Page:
Here, we have color-associated ideation that led to color aroused emotion and behavior, i.e. the quite intentional presentation of these monkeys in a way that alludes to the presentation of Blacks as monkey-looking that goes back to the earliest superiority and white people's humor in the United States and elsewhere.  One only need compare these images to others from the nineteen-forties to see that these images historically have been used to debase Blacks while laughing at us at our expense.  The inhuman characteristics of the monkey-faces intends to dehumanize all Black people, by associating these inhuman monkey-like talking cupcakes with a caricature of all people whose skin is brown or who are members of "the Black People".

I think the above paragraphs have succeeded in demonstrating that the advertisement arouses and reflects ideation about color and about skin color, when the talking monkeys have brown skin.  (There are red, white, gray and yellow monkeys in nature, but the makers of this cartoon chose dark brown as the color for the monkeys.)  Moreover, the production and publication of this video demonstrates a belief that ridiculing Black people is an acceptable and even preferable form of humor, and an acceptable way to arouse mirth and ridicule in the watching public, since there were so many other ways they could have used chocolate on these cupcakes other than making talking semi-human dark brown monkey faces of them.

All of this color-aroused ideation and emotion would have made no difference to Black people and the public in general, but for the behavior of producing this commercial and placing it on the airwaves.  What we see here are the three individual components of what others call "racism":  (1) ideation (ridiculing monkeys and Black people will be humorous) which ideation leads to the (2) emotion (of feeling funniness and mirth, in this case); and then, finally, (3) the behavior of putting a video together on the basis of this ideation and emotion, which brings us to the entire scope of the tripartite problem:  color-aroused ideation, emotion and behavior.

If we asked whether the above was "racist" we would never come to a consensus, because we haven't even come to a consensus about what "racism" consists of.  However, when we look to see whether there is color-aroused ideation, there clearly is.  The color-aroused emotion of mirth is clearly intended to be aroused, and perhaps many other emotions about which I could only speculate.  (Discussions of color-arousal are scientific discussions where there is no place or use for speculation.)  Finally, the making of this commercial and its placement in media channels is the behavior that will cause Duncan Hines so much grief, even if Duncan Hines does not turn out to be the responsible party.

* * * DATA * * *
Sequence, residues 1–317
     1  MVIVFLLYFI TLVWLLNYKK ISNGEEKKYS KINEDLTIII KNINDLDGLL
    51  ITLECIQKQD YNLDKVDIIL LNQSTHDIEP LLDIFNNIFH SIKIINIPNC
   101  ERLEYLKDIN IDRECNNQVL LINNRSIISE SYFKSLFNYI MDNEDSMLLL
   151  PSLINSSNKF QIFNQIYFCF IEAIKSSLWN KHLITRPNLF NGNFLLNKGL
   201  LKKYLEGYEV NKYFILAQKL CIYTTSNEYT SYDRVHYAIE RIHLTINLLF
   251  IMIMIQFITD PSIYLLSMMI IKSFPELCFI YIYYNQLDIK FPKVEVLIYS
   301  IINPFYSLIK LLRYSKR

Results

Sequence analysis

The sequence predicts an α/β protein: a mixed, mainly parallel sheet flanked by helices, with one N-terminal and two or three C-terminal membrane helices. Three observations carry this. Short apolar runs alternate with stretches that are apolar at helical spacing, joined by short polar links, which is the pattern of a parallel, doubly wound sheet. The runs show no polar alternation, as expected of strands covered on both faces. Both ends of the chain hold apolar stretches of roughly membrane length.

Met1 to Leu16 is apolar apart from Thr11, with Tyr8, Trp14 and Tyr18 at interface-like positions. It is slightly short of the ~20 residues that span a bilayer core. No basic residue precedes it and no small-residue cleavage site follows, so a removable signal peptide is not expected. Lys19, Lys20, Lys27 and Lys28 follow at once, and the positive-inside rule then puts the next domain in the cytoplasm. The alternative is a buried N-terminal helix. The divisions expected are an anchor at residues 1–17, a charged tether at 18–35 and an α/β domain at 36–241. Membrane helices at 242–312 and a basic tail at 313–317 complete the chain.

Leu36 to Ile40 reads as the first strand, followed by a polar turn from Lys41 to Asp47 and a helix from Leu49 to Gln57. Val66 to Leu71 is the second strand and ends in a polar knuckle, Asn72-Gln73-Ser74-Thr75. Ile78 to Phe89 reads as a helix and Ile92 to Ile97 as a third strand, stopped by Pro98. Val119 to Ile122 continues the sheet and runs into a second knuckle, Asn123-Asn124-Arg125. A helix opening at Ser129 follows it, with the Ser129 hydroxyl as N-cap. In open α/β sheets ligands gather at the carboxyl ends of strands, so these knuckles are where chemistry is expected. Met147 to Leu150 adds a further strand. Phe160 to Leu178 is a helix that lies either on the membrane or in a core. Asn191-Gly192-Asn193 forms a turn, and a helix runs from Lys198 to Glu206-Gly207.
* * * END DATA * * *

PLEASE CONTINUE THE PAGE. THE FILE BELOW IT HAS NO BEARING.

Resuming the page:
The value of looking at the three individual components of color aroused ideation, emotion and behavior is (1) that we are able to look for each component scientifically, and (2) it is possible to realize that it was not in the ideation or the emotion that got Duncan Hines got into trouble here, but it was (3) the behavior of placing this video for public consumption.

As many of us have realized, people of all skin colors engage in ideation and emotion with respect to people of their own and others' skin colors, but much of this ideation and emotion is not obvious until it manifests itself in color-aroused behavior.  The persistence of color-aroused ideation, emotion and behavior may be due to the difficulty humans have in their efforts (if they make any effort) to prevent their ideation and emotion from becoming the basis of their behavior.

It may also be that whites are playing a game with Blacks by insisting that they cannot determine what is "racist" and what is not.  If so, then using more empirical and objective measures may spoil the fun of a lot of color-aroused antagonists who claim not to know that their behavior is "racist".

Is the above video "racist"?  I have no desire to wander into such an intellectual thicket that ends in an impenetrable morass, because I have already determined, in a methodical way, that the above advertisement is an example of antagonistic color-aroused ideation, emotion and behavior.   That alone is sufficient reason to wish that the video be off of the airways.

No comments: